- Official name: State of Qatar
- Capital: Doha (or Al Dawha)
- Main cities: Al Wakrah, Al Khawr, Al-Rayyan, Umm Salal
- Currency: Qatari Riyal (QR)
- GDP (2019, IMF) : $191.849 billion
- Growth rate (2019, World Bank): +1,9%
- Unemployment rate (2017): 0,6%
- Inflation rate (2019, World Bank): 3.8%
- Population (2019): 2,832,067 inhabitants (2019 population growth ≈ 1.8%)
- Human Development Index (2018): 0,848 – 41st
- Main clients (2017): Japan, South Korea, India, China and Singapore
- Main suppliers (2016): USA, Germany, China, Japan, UK, Italy, France
Economy of Qatar
Qatar’s economy was traditionally based on fishing and pearling industries. In the 1940s, the discovery of oil dramatically transformed the state’s economy and the country has grown richer. All Qatari citizens today benefit from a high standard of living, with a record average wage, lowest tax rates and an unemployment rate close to 0% (close to 0.6% in 2017).
In the 2010s, Qatar had the strongest economic growth rate in the Gulf region driven by the increase of the oil prices and the implementation of a gas programme.
As of 2018, Qatar has the highest GDP (PPP) per capita in the world according to the World Bank).
Qatar’s main sources of revenue come from the exports of oil and natural gas (70% of total government revenue). In 2018 Qatar held 1.5% of worldwide oil reserves and 13% of worldwide gas fields (meaning that Qatar has the world’s third largest gas reserves). Qatar is the 5th producer of gas and the leading exporter of Liquefied Natural Gas (LNG) in the world.
To make profitable use of the country’s huge financial surpluses, the Qatar Investment Authority (QIA) was founded by the State of Qatar in 2005 to manage investments abroad. The country is also using these financial surpluses to launch large industrial projects (heavy industry).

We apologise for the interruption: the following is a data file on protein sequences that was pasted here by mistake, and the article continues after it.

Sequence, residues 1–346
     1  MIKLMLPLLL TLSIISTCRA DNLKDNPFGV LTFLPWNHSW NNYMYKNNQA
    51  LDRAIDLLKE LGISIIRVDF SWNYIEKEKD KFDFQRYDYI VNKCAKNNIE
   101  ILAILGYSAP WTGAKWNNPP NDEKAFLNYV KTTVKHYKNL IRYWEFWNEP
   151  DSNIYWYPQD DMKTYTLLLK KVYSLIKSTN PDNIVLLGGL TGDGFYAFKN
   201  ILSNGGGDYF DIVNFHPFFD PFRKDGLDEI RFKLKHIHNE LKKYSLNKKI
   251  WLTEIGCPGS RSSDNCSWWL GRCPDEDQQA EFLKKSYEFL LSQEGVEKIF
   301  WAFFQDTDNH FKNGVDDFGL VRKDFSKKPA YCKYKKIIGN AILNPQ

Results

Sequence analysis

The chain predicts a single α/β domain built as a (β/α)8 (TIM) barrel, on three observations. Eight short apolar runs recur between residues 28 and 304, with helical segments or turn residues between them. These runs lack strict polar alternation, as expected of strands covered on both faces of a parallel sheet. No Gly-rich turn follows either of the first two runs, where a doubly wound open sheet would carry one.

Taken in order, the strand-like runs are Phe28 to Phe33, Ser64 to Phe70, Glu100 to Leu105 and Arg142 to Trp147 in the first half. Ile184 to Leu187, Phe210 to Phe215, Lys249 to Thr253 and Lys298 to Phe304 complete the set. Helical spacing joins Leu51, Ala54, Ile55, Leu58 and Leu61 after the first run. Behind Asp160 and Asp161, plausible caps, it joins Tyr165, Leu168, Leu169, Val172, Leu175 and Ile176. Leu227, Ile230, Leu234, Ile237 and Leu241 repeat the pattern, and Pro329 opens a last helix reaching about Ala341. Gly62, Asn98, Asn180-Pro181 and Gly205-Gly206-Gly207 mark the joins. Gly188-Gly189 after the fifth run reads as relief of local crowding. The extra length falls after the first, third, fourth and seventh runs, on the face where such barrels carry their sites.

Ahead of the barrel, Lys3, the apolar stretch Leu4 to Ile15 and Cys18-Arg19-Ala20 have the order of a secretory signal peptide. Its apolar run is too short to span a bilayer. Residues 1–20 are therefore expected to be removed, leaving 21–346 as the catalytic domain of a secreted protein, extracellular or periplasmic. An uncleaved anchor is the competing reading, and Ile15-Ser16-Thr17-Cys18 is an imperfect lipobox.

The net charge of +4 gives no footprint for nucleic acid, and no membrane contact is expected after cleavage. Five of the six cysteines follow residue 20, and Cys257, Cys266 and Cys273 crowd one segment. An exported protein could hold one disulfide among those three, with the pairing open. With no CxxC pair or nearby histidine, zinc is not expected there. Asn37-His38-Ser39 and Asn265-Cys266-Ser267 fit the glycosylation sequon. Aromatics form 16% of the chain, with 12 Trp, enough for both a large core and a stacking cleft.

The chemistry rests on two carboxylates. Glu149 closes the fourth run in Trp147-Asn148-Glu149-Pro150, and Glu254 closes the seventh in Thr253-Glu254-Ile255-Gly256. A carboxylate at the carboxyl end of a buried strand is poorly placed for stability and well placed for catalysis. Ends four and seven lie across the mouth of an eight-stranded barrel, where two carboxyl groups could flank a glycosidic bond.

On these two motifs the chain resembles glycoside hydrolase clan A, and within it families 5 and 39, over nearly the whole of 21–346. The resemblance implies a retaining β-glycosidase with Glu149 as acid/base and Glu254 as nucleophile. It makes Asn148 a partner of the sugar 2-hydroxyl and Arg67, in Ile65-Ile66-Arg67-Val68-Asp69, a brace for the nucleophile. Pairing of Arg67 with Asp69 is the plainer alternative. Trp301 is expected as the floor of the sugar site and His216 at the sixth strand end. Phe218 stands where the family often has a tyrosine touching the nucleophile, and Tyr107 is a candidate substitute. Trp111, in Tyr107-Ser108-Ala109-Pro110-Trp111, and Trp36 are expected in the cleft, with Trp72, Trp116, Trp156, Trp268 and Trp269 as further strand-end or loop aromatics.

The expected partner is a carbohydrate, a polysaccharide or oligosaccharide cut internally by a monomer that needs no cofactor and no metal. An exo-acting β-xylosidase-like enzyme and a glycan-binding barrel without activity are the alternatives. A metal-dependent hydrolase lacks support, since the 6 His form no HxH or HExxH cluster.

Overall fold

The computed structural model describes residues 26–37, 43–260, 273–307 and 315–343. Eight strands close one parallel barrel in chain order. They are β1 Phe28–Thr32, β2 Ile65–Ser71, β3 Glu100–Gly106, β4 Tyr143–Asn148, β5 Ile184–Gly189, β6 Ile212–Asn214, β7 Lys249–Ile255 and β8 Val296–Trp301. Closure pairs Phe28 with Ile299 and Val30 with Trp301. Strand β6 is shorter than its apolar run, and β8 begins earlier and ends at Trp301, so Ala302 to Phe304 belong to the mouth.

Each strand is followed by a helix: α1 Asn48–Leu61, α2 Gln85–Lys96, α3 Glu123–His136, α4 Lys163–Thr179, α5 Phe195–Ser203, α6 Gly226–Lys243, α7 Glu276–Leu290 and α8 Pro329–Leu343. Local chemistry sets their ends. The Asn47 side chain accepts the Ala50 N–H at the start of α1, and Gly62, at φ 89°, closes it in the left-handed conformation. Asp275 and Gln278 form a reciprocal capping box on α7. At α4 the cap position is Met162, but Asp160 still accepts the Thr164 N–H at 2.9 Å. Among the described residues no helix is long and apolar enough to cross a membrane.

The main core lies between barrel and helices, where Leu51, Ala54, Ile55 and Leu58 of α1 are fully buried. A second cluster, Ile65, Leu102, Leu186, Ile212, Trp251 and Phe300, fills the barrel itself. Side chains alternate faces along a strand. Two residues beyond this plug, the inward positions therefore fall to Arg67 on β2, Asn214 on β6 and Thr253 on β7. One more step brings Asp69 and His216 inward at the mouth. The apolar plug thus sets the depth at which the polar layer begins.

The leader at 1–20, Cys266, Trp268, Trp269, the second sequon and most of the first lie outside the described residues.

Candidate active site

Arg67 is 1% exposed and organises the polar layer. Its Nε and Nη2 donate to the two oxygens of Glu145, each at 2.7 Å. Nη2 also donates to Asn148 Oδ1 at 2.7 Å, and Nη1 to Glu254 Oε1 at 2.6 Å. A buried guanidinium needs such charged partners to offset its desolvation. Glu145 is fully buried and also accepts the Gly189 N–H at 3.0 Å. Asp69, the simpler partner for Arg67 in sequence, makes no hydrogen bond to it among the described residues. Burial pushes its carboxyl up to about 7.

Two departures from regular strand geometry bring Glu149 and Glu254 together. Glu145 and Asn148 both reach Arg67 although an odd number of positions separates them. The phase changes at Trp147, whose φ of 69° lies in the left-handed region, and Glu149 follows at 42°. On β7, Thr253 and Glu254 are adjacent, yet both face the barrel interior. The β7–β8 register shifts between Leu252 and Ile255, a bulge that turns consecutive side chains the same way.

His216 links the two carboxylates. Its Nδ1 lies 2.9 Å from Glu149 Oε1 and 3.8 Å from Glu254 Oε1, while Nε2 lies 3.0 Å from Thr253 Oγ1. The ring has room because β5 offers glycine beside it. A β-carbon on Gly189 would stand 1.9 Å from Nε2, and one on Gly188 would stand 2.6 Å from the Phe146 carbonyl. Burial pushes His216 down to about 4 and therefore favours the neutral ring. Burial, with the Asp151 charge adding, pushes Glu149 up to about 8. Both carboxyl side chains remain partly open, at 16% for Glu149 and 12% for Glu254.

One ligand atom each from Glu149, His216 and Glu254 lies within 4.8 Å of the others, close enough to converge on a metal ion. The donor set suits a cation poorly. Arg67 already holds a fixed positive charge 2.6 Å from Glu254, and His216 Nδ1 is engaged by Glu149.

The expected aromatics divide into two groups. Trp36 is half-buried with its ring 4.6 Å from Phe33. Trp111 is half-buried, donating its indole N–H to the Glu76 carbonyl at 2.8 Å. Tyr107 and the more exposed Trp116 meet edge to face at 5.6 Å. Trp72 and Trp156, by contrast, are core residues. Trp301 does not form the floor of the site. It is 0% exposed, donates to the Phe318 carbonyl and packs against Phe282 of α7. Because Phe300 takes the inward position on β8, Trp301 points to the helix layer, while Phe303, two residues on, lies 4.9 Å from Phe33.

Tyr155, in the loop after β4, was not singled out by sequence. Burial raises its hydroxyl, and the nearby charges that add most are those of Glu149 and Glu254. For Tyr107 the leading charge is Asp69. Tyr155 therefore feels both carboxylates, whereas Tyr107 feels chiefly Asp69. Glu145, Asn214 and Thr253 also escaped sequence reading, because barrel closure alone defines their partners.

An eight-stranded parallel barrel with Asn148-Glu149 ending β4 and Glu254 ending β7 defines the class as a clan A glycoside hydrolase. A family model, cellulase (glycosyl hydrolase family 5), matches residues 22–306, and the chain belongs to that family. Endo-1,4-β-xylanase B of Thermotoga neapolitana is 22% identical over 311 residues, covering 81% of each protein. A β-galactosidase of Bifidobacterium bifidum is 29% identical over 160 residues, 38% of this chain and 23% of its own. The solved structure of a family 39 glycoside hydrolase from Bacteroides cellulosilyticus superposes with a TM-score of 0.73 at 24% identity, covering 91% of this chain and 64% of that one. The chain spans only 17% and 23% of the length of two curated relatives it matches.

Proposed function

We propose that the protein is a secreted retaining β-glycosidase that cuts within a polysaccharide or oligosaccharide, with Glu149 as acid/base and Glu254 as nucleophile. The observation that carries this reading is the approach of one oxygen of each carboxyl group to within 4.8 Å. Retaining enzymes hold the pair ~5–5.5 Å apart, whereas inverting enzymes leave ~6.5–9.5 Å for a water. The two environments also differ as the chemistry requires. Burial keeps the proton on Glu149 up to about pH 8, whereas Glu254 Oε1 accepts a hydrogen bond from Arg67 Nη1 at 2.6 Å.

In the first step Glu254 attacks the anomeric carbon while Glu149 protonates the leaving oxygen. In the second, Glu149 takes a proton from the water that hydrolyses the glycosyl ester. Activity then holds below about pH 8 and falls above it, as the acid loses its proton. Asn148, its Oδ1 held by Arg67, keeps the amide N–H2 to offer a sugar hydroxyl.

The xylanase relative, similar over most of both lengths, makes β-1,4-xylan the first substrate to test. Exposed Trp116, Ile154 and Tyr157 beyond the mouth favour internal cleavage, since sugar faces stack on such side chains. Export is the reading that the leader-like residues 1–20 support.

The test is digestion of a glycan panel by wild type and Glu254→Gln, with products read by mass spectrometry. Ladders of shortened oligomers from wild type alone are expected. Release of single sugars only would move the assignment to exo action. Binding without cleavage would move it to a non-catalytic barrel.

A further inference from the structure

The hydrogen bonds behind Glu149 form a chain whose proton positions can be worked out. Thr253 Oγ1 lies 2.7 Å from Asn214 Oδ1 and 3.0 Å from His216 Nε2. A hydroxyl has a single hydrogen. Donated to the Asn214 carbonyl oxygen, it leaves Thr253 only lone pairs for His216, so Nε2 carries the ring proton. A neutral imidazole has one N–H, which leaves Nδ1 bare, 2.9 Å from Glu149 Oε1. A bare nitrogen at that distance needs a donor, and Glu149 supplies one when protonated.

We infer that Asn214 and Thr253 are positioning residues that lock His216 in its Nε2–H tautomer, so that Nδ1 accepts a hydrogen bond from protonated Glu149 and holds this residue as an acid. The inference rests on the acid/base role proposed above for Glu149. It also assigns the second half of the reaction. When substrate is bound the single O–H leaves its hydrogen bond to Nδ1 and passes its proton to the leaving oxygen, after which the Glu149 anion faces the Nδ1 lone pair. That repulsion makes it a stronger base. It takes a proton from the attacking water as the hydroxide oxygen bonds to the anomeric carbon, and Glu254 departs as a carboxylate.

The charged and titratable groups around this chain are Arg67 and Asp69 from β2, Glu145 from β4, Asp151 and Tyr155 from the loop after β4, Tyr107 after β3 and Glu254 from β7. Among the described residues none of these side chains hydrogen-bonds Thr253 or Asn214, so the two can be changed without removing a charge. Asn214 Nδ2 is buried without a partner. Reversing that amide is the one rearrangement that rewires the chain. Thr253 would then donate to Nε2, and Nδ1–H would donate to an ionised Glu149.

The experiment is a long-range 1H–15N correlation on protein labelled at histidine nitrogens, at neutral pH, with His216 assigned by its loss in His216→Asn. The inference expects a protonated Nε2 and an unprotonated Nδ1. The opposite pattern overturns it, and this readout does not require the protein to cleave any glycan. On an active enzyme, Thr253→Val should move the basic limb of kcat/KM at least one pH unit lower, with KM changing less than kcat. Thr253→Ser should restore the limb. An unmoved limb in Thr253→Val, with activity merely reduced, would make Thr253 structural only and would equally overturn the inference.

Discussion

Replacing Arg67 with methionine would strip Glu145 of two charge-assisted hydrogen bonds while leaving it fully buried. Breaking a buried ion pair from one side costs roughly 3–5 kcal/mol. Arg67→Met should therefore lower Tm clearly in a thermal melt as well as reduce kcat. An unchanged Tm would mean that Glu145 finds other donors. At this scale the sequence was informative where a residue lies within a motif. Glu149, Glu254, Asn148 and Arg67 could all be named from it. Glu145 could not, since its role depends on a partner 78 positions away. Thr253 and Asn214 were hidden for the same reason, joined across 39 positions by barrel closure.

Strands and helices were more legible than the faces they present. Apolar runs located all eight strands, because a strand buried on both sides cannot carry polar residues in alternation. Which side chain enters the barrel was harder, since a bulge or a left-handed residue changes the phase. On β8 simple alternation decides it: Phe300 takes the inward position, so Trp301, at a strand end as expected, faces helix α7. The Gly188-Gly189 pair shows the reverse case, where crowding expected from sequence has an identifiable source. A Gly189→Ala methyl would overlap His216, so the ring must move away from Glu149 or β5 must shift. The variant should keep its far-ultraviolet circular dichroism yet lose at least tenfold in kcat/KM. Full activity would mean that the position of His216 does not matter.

Qatar possesses 13% of proven reserves of gas. It is the third-largest in the world after Russia 27% and Iran 15%. The Qatari Peninsula shares the world’s largest gas field (known as the « North Dome ») with Iran and the country has become the world’s leading exporter of LNG in just a few years, far ahead of Russia, Canada and Norway. Qatar boosted its overall LNG production capacity from 31 million tons a year to 77.5 million tons annually in 2017 to become the first producer of LNG in the world (32% of the total worldwide production).
Qatar also aims to become the world’s biggest producer of « Gas-To-Liquids » (technology for converting carbon compounds such as coal and natural gas into petroleum products).
Oil is one of the main resources for Qatar. It was first discovered at Dukhân in 1939. Oil production and incomes skyrocketed from 1973. In 2018 Qatar had 1.5% of worldwide proven oil reserves (accounting for 25.2 billion barrels or 2.6 billion tons).
Qatar is currently working at diversifying its economy. Tourism development is an integral part of this plan:
- Pearl-Qatar layout, a man-made island dedicated to the tourism industry.
- The new international airport, the Hamad port and several transportation network expansion plans.
- Strengthening Doha’s attractiveness to compete with Dubai (opening of the metro network in 2019 with 3 lines, 37 stations and 76 kilometres of tracks).
- Sport facilities expansion for the 2022 FIFA World Cup (including 12 stadiums).